Should you buy a used MG Hector?

MG Hector front three quarter.

GOOD FOR: Spacious cabin, Feature rich

LOOK OUT FOR: Infotainment issues, DCT gearbox

Morris Garages or MG begun its India innings in 2019 with the launch of the Hector. Thanks to its striking design, spacious cabin and equipment levels, the SUV soon became very popular with the Indian customer, garnering waiting periods that stretched out to months.

Lavish chrome trimming; 17-inch alloys look small against the large profile.

It also commanded a very good resale value, but now with a facelifted version arriving soon and the XUV700 proving to be popular, prices for used Hectors have begun to slide. Here are some things to note about the MG Hector before you buy a used one.

MG Hector: engine, gearbox and fuel efficiency

The Hector is powered by a Fiat-sourced 2.0-litre diesel engine that makes 170hp and 350Nm, and a 1.5-litre turbo-petrol engine producing 143hp and 250Nm. A 6-speed manual is standard on both engines, while the turbo-petrol comes with the option of either a 6-speed dual-clutch automatic gearbox (sold till January 2022) or an 8-step CVT automatic gearbox (sold February 2021 onwards).

Additionally, there’s a 48V mild-hybrid petrol model too (with the 6-speed manual gearbox only), which is said to be more fuel efficient than the standard petrol. The mild-hybrid system also provides up to 20Nm of additional torque at low speeds to help counter turbo lag and allow for improved acceleration.

In our fuel efficiency tests, the Hector diesel managed 16.5kpl on the highway and 12.6kpl in the city, while the petrols were naturally thirstier. The petrol-manual did 7.25kpl and 10.27kpl, while the petrol-DCT delivered a low 6.9kpl and 9kpl, in the city and highway, respectively. We haven’t tested the petrol-hybrid and petrol-CVT versions, but expect them to be more efficient than the petrol-DCT.

If your usage includes regular highway trips and if fuel efficiency is very important to you, you should opt for the diesel Hector. The engine is a tried-and-tested Fiat unit that is reliable, efficient and has enough performance on tap. However, if outstation trips will be only occasional, you could look at one of the petrols. And if it’s an automatic you are looking for, then opt for the CVT gearbox over the DCT, as it’s more efficient and smoother with its shifts and will prove to be more reliable too.

MG Hector: variants and features

The Hector was launched in four trims – Style, Super, Smart and Sharp – and all of them are reasonably equipped in relation to their price. The top-spec Sharp is equipped with features like a 10.4-inch, portrait-oriented touchscreen infotainment system that comes with Android Auto, Apple CarPlay, AI-powered voice assist, pre-loaded apps and an embedded Airtel SIM card, as well as a 360-degree camera, a four-way power-adjustable driver’s seat, an Infinity audio system, a massive panoramic sunroof, heated ORVMs, rain-sensing wipers, automatic headlights, 17-inch alloys and mood lighting with eight colours.

As for safety, the Hector features two airbags, ABS with EBD, ESP, traction control, rear parking sensors and disc brakes on all four wheels as standard. The Smart variant gets four airbags and the Sharp gets six. Any variant you choose will give you a decent features list, but if you don’t mind spending a bit more, go for the top-spec Sharp, as you’ll get all the feel-good and safety features.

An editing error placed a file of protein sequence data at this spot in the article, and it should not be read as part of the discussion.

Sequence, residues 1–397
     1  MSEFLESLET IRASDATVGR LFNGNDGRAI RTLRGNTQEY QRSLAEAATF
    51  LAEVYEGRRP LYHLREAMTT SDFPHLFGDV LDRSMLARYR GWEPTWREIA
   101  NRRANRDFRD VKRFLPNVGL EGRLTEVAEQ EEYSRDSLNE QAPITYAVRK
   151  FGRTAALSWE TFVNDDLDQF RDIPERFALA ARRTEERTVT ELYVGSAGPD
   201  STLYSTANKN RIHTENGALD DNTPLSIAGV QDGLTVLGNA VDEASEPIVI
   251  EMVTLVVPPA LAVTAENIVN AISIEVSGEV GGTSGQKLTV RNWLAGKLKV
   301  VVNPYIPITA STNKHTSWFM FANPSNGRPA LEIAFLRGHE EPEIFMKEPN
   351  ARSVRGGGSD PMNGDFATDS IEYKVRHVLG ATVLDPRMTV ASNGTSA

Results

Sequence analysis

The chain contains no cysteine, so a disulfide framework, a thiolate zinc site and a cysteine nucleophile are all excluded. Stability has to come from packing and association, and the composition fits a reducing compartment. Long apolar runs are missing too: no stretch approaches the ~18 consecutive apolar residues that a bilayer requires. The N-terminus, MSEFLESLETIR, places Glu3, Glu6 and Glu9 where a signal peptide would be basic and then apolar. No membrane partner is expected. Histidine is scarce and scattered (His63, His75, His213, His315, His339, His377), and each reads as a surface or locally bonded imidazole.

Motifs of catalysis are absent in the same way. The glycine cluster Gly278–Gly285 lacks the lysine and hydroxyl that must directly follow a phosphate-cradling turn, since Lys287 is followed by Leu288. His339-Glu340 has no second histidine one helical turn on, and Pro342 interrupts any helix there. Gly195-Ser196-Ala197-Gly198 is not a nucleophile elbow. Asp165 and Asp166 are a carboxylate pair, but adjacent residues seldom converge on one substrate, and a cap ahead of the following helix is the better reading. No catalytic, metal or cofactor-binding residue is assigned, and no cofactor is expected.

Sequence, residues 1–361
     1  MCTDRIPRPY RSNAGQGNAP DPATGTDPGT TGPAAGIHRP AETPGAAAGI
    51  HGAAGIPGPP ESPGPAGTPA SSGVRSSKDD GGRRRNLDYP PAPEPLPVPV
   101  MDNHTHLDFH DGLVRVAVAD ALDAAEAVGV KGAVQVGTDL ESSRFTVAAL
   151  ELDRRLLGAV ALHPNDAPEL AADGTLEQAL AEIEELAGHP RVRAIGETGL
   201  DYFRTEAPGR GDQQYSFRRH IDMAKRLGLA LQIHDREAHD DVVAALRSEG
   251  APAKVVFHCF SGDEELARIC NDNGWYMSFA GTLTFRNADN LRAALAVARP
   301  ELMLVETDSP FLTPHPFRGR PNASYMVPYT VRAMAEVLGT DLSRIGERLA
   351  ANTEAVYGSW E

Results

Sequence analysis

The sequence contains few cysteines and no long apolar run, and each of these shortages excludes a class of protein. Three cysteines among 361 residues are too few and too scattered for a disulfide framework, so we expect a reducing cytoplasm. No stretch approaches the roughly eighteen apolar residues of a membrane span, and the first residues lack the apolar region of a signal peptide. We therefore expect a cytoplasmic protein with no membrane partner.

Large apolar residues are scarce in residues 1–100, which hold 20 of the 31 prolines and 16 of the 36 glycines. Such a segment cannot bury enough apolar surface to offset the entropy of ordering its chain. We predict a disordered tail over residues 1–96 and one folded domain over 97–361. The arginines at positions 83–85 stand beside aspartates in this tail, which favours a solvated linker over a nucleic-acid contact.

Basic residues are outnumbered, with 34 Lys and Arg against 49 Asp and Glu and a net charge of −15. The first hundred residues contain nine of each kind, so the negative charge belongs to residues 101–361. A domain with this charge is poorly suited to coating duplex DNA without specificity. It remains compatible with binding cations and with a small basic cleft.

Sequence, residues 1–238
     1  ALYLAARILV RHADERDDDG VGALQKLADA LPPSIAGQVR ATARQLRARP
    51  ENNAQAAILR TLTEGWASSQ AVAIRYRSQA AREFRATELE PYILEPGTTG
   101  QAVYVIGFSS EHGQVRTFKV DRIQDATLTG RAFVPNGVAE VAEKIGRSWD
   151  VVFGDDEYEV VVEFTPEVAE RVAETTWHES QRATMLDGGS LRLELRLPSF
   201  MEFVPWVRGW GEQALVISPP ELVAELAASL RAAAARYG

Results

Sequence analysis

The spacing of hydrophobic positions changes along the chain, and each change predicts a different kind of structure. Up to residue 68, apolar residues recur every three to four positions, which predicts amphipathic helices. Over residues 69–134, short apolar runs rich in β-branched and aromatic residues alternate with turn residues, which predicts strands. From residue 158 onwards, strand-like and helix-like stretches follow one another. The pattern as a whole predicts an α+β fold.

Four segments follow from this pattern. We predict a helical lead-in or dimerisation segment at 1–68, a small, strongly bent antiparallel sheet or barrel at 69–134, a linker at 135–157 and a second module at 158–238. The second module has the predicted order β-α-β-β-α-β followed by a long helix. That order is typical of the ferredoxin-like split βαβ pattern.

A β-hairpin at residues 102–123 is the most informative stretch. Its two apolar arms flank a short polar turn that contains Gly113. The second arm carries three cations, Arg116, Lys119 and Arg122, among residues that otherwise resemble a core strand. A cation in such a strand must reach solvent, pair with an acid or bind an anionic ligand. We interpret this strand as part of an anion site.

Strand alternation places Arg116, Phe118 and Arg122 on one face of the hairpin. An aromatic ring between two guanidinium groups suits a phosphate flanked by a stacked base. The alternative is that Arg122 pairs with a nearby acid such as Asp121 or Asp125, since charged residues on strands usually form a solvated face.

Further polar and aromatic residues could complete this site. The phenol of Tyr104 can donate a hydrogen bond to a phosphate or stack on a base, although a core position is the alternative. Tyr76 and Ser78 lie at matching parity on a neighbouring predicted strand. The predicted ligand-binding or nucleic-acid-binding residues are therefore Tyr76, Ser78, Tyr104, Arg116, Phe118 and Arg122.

MG offers a 5-year/unlimited km warranty plan, along with a 5-year/unlimited km roadside assistance scheme with the Hector as standard, so you’ll have that peace of mind despite buying a used car. Also, as per our resale value study last year, the MG Hector has the best-in-class resale value, which is an added bonus.

What to look out for in a used MG Hector

Infotainment issues

A big draw for Hector buyers was its large touchscreen infotainment system. However, it is slow to respond and many owners have faced issues with it. Some report that it is very laggy and takes a good few seconds to come on once the car is started, which seems to be getting slower for some owners. Owners have also complained about the voice recognition system not being up to par. If the system is just slow to respond but works well, its likely fine; however, if things do not work or respond at all, get the system checked out.

DCT gearbox

A few owners have faced heating issues with the DCT gearbox of the Hector. When the car is in heavy bumper-to-bumper traffic, look out for a warning on the dash. Furthermore, the Hector’s DCT isn’t the most quick-shifting, which is something you’d expect from a dual-clutch gearbox. It’s also worth noting that the DCT’s real-world fuel economy hovers in single digits, even on the highway.

MG announced a recall for approximately 14,000 units of the BS6 petrol-DCT Hector, in order to rectify an emissions-related issue. Dealerships were instructed to contact owners of the affected models and rectify the issue, so it’s best to check if this has been done if you’re looking at this model.

Used MG Hector price and resale value

Rs 13 lakh-18 lakh

Prices for the Hector in the used market are still hovering on the higher side, so expect to pay anywhere between Rs 13 lakh and 18 lakh, depending on the model you go for. However, with a facelift right around the corner, there is scope for you to negotiate the price down.

MG Hector Factfile
Years produced 2019-Present
Price when new From Rs 12.18 lakh (ex-showroom, India)
Engine 4 cyls, 1451cc, turbo-petrol/ 4 cyls, 1956cc, turbo-diesel
Power 143/170hp
Torque 250/350Nm
Boot space 587 litres
Ground clearance 183mm

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